A recent article from the CNBC website shone a spotlight on one of the great dilemmas facing most retirees: paying for the costs of long-term care. As the CNBC article, written by reporter Sarah O’Brien, points out, part of what makes this such a troubling issue for today’s seniors is that no one can say for certain who will have to pay for long-term care, or how much, or for how long. Still, as we always remind our blog readers and radio listeners here at AgingOptions, planning ahead is the key. As you read this report, just remember that you don’t have to be a victim of ill health, bad planning, or economic setback, because with a well-crafted plan you and your loved ones should be able to navigate through the storms of aging with your dignity and your resources intact.
The Burden of Paying for Long-Term Care Will Affect Majority of Retirees
“There’s an expense lurking down the road for many retirees that is largely unpredictable but likely: long-term care,” says the CNBC article. “Someone turning 65 today faces a nearly 70 percent chance of needing LTC services during their remaining years,” federal government figures suggest. But as premiums on long-term care insurance policies continuing to rise, financial advisors are looking at other strategies to help their clients prepare for a day when they can no longer live independently. As one planner told CNBC, “We’re a country that excels at prolonging and extending life. The result is that the costs of care later in life, and the duration of the care, are lasting longer and longer.”
On average, once they start needing long-term care, women tend to need these services longer than men – 3.7 years for mom compared with just over 2 years for dad. But no matter how long the bills keep coming, the monthly costs can be “eye-popping,” according to CNBC. The nationwide median cost for care at an assisted-living facility is $4,000 per month, compared with $4,200 for a home health aide. If a senior needs care in a skilled nursing facility, the median cost for a shared room nationwide is $7,400 per month, or nearly $90,000 per year. Here in the Pacific Northwest, the home of AgingOptions, those costs are usually much higher, depending on the quality of the facility. That’s why one planner, in a remarkable example of understatement, told CNBC’s O’Brien, “Without planning, long-term-care costs can be a big financial hit.”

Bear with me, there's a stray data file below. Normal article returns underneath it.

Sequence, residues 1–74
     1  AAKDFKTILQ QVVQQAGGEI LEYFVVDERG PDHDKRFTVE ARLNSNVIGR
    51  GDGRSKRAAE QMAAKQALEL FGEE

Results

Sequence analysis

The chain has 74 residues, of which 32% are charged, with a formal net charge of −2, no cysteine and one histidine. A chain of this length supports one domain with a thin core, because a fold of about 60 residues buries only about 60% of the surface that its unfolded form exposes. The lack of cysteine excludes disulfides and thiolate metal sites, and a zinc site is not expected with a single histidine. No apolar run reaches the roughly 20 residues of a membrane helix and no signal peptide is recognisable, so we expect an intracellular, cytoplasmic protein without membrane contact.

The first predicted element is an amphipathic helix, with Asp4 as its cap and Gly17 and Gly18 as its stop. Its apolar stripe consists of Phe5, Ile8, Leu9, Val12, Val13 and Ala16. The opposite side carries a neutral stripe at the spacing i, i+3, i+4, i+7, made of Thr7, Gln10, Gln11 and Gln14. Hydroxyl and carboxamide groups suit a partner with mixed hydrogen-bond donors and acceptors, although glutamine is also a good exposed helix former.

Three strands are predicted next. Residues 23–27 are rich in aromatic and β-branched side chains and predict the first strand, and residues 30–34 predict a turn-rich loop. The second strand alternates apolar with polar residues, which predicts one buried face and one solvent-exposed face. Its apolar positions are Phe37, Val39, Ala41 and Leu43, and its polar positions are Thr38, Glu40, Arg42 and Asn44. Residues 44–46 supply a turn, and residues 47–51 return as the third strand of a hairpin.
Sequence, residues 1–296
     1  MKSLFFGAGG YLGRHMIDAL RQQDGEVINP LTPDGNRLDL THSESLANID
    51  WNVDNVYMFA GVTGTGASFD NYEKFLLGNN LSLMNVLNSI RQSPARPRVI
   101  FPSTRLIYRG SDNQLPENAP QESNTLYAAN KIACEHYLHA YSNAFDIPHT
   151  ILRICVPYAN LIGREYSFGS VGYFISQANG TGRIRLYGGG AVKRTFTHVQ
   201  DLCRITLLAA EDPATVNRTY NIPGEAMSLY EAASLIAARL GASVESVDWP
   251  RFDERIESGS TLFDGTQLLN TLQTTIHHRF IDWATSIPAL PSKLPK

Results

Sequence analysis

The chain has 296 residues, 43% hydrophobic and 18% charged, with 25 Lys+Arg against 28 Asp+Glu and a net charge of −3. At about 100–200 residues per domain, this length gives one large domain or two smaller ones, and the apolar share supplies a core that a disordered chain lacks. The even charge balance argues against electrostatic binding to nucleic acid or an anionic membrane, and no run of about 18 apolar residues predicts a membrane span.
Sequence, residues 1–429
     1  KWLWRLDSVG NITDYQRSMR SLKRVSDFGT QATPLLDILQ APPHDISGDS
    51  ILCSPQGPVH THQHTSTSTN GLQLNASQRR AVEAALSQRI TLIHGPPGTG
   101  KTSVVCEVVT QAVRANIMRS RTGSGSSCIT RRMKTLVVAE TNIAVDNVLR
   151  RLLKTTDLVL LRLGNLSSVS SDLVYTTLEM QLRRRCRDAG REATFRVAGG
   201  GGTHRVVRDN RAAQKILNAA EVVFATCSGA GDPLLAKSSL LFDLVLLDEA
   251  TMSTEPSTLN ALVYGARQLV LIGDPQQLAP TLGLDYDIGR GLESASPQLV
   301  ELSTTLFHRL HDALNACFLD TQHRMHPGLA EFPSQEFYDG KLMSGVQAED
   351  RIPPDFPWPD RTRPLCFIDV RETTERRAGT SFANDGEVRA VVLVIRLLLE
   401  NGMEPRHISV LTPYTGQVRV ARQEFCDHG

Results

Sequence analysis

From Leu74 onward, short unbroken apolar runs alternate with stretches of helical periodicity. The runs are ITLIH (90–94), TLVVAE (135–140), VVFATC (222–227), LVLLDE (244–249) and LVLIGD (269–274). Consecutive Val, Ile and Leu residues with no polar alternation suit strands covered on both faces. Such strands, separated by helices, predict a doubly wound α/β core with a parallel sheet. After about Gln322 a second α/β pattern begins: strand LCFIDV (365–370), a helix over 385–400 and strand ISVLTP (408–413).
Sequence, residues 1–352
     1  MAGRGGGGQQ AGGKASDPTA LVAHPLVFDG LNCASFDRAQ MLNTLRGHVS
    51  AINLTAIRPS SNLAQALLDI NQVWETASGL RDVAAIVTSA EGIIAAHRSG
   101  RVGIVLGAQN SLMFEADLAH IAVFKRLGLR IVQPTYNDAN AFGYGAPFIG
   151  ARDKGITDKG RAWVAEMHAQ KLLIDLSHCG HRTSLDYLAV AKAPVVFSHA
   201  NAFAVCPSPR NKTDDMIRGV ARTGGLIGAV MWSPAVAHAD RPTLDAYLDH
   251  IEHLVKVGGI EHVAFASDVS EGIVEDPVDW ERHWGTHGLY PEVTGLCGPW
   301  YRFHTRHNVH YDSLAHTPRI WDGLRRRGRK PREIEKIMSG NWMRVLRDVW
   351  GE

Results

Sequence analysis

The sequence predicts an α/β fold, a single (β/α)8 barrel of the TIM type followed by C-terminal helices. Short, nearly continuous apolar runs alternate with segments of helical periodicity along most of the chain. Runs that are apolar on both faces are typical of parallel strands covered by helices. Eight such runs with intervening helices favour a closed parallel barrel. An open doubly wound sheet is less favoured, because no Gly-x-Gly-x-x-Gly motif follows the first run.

The Burden of Paying for Long-Term Care Hits at Varying Stages of Life
According to statistics from the American Association for Long-Term Care Insurance, fewer than 5 percent of LTC claims are initiated at age 70 or younger. About one-quarter of all claims begin when a senior is in his or her 70s, and by the time we enter our 80s the likelihood really climbs. Another one-quarter of all claims for long-term care start when a policy-holder is between 81 and 85, and an even higher number when the individual is 86 or older – the age when about 45 percent of LTC claims are initiated. To financial advisers, that means their clients face an uncertain and unpredictable timeline for long-term care. Advisers are faced with the challenge of gauging “the probability of a particular client needing care eventually — genetics and lifestyle can factor in — and evaluating available resources to recommend an option,” says CNBC.